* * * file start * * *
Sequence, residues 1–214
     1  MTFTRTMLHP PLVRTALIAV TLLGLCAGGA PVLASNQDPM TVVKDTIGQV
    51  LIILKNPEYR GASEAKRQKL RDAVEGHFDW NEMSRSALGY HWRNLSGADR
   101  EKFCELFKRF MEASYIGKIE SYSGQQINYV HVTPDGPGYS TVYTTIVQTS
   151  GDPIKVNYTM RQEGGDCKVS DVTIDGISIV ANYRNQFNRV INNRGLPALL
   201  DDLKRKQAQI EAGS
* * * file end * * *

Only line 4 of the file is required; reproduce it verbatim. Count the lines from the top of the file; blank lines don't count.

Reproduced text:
   101  EKFCELFKRF MEASYIGKIE SYSGQQINYV HVTPDGPGYS TVYTTIVQTS